The book centres around 4 main characters, switching perspectives every few chapters. Young girls are suddenly beginning to find that they can awaken an almost supernatural ability to inflict extreme pain on others using a kind of electrical current, generated from a previously undiscovered gland called a 'skein'. Men everywhere are terrified, and the power is beginning to spread across the globe.

The novel is presented as a historical account, book-ended by letters between its male author and his female editor. There are even diagrams of historical artifacts between chapters - read the descriptions, they're pretty clever. As each section of the book passes, we inch closer to a cataclysmic event (which I won't go into detail about for spoilers' sake). As the power provides women with the means to take control of society and governments attempt to regulate its use, underground religious movements spring up across the globe, a drug lord's daughter finds ways to take advantage of the new order, and a male journalist finds himself helplessly trapped in a country on the verge of collapse.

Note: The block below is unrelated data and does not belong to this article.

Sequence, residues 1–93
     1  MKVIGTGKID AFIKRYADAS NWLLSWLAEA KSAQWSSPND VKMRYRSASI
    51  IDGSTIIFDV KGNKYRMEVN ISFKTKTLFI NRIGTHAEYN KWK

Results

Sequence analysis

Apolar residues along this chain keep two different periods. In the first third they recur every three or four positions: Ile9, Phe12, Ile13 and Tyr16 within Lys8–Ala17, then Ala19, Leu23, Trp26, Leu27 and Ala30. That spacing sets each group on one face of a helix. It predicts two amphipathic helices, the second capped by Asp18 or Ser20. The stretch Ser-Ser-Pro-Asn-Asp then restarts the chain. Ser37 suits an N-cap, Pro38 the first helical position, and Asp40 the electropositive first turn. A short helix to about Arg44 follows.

As much as it pains me to quote cheesy superhero films in a book review, "with great power comes great responsibility". As previously oppressed groups of women begin to realise they can easily manipulate, injure and kill the men that once kept them in chains, the tables are turned and things get out of hand. Thousands of years if sexism and misogyny are reversed in the course of only a few years, resulting in sheer chaos. After years of lying dormant, the power is difficult to contain.

The Power begins as a kind of feminist sci-fi/fantasy tale, but as the pace intensifies (and rarely lets up for more than a beat) things turn violent, and at times graphic. It morphs into a bold fable against the dangers of oppression. Let it shock you - it's meant to.